BINGO or SNGO – Replicability Means Taking Adequate Time!

by | Apr 14, 2018 | Formation, Systemic change

As a Family interested in systemic change, we sometimes fail by not studying, planning, charting and measuring our projects so that they can be proved as valuable… and replicated well. But even when we do receive a well executed project, when it’s time to replicate the project elsewhere we sometimes don’t take the time to learn it well. We cut corners saying, “The poor need this now!” Studying the data is essential.


Kevin Starr and Greg Coussa say everyone is rushing to get their project up and running as fast as possible: “Even the big international NGOs—the BINGOs—are getting in on the action with a wave of innovation labs and rejiggered mission statements. Whee!” (SNGOs = Small NGOs — the majority of our situations.)

To attack an empty whiteboard with a fistful of markers is to experience the dawn of creation, and a wall festooned with Post-Its pretty much guarantees a break-though. Rapid prototyping sounds cool even if you don’t know what it is, and who wouldn’t want to be the subject of a breathless article in Fast Company? Someday, if you play your cards just right, you could even be summoned to the TED stage. Wow!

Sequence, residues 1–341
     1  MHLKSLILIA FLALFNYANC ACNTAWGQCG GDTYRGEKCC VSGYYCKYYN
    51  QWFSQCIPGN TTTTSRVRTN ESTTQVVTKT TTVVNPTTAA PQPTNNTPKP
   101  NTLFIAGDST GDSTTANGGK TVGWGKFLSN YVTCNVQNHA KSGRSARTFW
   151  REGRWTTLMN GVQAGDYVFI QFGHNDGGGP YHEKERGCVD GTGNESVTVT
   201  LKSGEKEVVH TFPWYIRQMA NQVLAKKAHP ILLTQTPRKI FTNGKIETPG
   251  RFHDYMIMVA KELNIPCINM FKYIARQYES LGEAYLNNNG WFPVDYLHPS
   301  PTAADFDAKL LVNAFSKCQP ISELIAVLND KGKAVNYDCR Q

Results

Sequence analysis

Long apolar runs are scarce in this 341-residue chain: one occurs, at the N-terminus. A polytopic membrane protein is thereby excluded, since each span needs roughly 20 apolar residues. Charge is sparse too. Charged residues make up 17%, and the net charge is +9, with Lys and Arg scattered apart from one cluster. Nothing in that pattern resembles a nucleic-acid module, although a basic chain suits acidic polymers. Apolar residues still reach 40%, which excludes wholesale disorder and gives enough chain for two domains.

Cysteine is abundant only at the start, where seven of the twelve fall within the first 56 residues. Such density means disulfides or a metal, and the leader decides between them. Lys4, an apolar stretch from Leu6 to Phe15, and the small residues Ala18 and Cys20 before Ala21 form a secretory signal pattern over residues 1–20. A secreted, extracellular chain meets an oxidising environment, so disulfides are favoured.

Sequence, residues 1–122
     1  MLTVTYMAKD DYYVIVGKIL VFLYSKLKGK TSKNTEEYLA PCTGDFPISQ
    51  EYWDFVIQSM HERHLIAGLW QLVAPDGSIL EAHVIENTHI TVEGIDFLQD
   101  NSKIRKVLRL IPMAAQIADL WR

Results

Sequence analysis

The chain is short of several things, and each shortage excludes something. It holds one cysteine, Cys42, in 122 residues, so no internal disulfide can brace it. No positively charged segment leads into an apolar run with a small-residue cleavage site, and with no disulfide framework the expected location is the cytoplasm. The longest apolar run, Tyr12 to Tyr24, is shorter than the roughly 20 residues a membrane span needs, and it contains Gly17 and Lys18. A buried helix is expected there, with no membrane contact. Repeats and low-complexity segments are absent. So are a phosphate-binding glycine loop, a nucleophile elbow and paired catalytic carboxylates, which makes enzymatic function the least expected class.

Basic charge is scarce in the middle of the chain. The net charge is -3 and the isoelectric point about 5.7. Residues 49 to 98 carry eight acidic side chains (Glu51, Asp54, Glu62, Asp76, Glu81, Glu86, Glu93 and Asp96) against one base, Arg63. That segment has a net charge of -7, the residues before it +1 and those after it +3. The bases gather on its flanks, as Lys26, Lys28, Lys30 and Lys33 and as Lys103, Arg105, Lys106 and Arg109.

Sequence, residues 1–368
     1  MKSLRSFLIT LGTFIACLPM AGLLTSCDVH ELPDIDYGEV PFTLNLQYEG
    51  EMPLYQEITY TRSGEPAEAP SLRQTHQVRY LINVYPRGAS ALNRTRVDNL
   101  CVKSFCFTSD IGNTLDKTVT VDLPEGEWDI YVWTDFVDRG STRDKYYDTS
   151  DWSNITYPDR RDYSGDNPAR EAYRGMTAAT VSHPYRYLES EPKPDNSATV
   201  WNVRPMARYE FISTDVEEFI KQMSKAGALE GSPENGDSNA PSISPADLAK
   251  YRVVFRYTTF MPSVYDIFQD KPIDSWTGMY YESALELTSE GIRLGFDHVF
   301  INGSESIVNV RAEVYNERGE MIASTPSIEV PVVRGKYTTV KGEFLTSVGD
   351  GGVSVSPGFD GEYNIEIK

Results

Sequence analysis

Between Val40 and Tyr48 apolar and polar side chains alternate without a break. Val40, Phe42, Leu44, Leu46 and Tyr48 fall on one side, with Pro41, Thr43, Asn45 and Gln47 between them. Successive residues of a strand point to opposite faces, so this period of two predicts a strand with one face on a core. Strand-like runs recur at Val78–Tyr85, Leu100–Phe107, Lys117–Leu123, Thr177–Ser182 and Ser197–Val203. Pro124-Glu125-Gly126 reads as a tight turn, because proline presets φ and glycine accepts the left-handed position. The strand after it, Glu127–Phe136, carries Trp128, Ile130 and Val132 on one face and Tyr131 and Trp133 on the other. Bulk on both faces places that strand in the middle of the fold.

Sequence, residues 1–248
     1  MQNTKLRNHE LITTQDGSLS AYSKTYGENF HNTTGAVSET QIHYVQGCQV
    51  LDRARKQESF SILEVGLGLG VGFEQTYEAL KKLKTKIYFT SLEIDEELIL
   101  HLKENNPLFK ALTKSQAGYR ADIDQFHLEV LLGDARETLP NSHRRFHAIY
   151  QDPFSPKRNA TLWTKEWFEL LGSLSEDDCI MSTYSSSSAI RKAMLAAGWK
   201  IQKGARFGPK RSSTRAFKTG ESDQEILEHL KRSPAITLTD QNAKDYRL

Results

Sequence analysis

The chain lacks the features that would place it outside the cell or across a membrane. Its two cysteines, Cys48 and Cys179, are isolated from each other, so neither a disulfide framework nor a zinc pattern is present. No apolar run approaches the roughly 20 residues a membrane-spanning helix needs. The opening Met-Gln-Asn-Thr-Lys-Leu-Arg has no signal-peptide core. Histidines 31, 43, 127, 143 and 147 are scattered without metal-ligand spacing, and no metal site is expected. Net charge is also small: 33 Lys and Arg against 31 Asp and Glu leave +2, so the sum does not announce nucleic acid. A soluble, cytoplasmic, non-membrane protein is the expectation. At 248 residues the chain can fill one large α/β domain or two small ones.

In a conference to the Daughters of Charity, St. Vincent warned us about running ahead of Divine Providence:

Planning is good when it is submissive to God, but it goes to excess when we are eager to avoid whatever we fear; when we trust more in our precautions than in God’s Providence. Planning goes to excess when we hope to accomplish much while anticipating His orders with our disorder which causes us to adhere to human prudence rather than the Word of God (CCD 12:122)

And although he was more concerned that we be submissive to the will of God when he counseled this, we can be sure that he also wanted us to take enough time to let God reveal to us what would be most effective for Hi beloved poor ones.

Replicability is possible only with a well-planned, well-considered, well-measured and well-documented effort. When we come upon or a good idea or process and move to build our own, care is necessary that we understand what we are implementing.

Here’s the thing, though: High-fidelity replication is hard. You have to do everything as well as the innovators did. You can’t leave stuff out, make arbitrary changes to methods and procedures, or cut corners just because you didn’t raise enough money. If you do it wrong, it may not work at all. Replication is both a science and a high art: You must be committed to and obsessive about the details.

Starr and Coussa’s article at the Stanford Social Innovation Review is a must read.

Are you going to replicate a succesful project for systemic change? Is it

  • well-planned,
  • well-considered,
  • well-measured and
  • well-documented?

Have you studied the project thoroughly? Then, and only then, is it time to replicate.